2. Now that you know the chords of C major, it’s easy to find chords of other keys.For example : to find the chord tones of Cm7 :
    1. You know the chord tones of Cmaj7 : C E G B

    2. You know the chord formula of Cmaj7 : 1 3 5 7

    3. You know the chord formula of minor 7 : 1 b3 5 b7

    4. Adapt the chord tones of Cmaj7 to the formula of minor 7 : bring the 3 and the 7 a half step down

    5. Conclusion : the chord tones of Cm7 are : C Eb G Bb

    Example 2 : the chord tones of Ddim7 :

    1. You know the chord tones of Dm7 : D F A C

    2. You know the formula of Dm7 : 1 b3 5 b7

    3. You know the formula of diminished 7 : 1 b3 b5 bb7

    4. Adapt the chord tones of Dm7 to the formula of diminished 7 : bring the 5 and the 7 a half step down

    5. Conclusion : the chord tones of Ddim7 are : D F Ab B

    Example 3 : the chord tones of F#7 :

    1. You know the chord tones of Fmaj7 : F A C E

    2. To find the chord tones of F#maj7 you just have to raise each chord tone a half step : F# A# C# E#

    3. You know the formula of major 7 : 1 3 5 7

    4. You know the formula of dominant 7 : 1 3 5 b7

    5. Adapt the chord tones of F#maj7 to the formula of dominant 7 : bring the 7 a half step down

    6. Conclusion : the chord tones of F#7 are : F# A# C# E

Jazz Guitar Chord Theory (part 5)

Now you know how to find the notes of a chord, but how do you translate this to the guitar?

For starters: here are 2 chord charts that will help you in the process.

The first thing you need to know is that not every chord tone is equally important :

  • 3 and 7 are the important notes of a chord because they decide the chord type. They are also important for voice leading.

  • The 1 is the least important note, because it is most of the time played by the bass player.

  • The 5 is not so important either and can be disturbing sometimes.

  • Tensions add color and interest to a chord, so it’s preferable to use tensions instead of 1 and 5.

Another thing you need to know is that 1 half step equals one fret on the guitar.

Here’s an example with guitar chord diagrams :

  • We’ll start with a C triad : C E G (1 3 5)
    Let’s have a look at the guitar chord diagram :
    X15135 :  C

from left to right (from low E string to high E string) we have here :

  • X : the low E-string is not played

  • 1 : the 1 or root of the chord is played on the A-string

  • 5 : the 5th of the chord is played on the D-string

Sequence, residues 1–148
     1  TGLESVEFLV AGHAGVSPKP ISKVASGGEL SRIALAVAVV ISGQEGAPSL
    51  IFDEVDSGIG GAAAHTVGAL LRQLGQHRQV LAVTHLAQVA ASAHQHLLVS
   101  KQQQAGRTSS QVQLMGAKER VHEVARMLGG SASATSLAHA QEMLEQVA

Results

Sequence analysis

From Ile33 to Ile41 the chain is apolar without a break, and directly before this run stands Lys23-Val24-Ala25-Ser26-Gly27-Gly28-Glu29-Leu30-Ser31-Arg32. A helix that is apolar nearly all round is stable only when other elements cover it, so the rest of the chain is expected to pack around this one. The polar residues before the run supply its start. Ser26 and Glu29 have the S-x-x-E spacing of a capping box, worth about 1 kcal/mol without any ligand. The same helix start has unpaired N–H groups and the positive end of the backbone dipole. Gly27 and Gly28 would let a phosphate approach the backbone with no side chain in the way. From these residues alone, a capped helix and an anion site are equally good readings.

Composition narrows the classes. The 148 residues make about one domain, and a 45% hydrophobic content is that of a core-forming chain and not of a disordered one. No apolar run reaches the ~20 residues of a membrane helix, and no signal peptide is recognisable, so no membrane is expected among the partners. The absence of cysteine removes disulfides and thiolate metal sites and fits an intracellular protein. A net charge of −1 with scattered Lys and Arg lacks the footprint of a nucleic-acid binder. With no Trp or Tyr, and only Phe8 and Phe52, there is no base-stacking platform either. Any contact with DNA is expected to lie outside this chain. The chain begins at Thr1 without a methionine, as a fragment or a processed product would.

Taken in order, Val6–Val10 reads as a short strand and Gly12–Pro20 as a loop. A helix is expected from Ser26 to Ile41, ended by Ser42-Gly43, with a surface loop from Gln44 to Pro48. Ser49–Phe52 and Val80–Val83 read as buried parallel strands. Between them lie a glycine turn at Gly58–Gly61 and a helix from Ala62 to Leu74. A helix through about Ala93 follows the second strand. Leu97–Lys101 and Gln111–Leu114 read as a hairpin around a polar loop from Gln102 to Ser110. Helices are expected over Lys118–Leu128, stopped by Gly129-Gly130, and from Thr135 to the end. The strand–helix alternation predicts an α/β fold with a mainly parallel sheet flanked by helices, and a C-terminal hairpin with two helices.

• 1 : again the root, but now on the G-string

  • 3 : the third is played on the B-string

  • 5 : the 5th is played again, but this time on the high E-string

You see that it is ok to duplicate chord tones, like the 1 and the 5 in our example, but it may sound a bit sluggish.

This chord doesn’t sound very jazzy though, so let’s spice it up a bit :


X15735 :  Cmaj7

Instead of duplicating the root on the G-string, we exchanged it for the 7 of the chord.

Now let’s add some color :


X1379X :  Cmaj9

We exchanged the 5th on the D-string for the 3rd and we changed the 3rd on the B-string to a 9.

This would be a nice chord if you’re playing bossa nova, solo guitar or in duo setting, but if you play with a bass player and you don’t want to get in his way, it’s better to omit the root and to play on the higher strings only :


XX3795 :  Cmaj9/E

Instead of playing the root of the chord, we now play the 5th on the high E-string.

A chord like this is called a chord inversion : a chord that has a note other then the root in the bass.  There are three types of chord inversions : with the 3rd in the bass (first inversion), with the 5th in the bass (second inversion) or with the 7 in the bass (third inversion).
In our example we have got a Cmaj9 chord with the 3rd (E) in the bass.

Now what needs to happen if we want to make this chord dominant?
Simple : the 7 has to go a half step down (major is 1 3 5 7, dominant is 1 3 5 b7).
Have a look at the chord diagram:


XX3b795 :  C9/E

And if we want to make this chord minor?
Starting from the dominant chord we have to lower the 3rd a half step, as you can see on the guitar chord diagram:


XXb3b795 :  Cm9/E

A great tool to help you with the constuction of guitar chords is the guitar chord finder.

To conclude our tutorial I give you some chords where you need to find the chord tones of  (the solutions are on the next page) :

For example :  Fm7 : F Ab C Eb

Now it’s your turn :

Gm7 :
Abmaj7 :
C#maj7 :
A9sus4 :
B7 :
Edim7 :
Gdim7 :
D7b9 :
D#m7b5 :
Dmaj7 :

Jazz Guitar Chord Theory (part 6)

The solutions to the chord exercises of guitar chord theory part 5 :

Gm7 : G Bb D F
Abmaj7 : Ab C Eb G
C#maj7 : C# E# G# B#
A9sus4 : A D E G B
B7 : B D# F# A
Edim7 : E G Bb Db
Gdim7 : G Bb Db E
D7b9 : D F# A C Eb
D#m7b5 : D# F# A C#
Dmaj7 : D F# A C#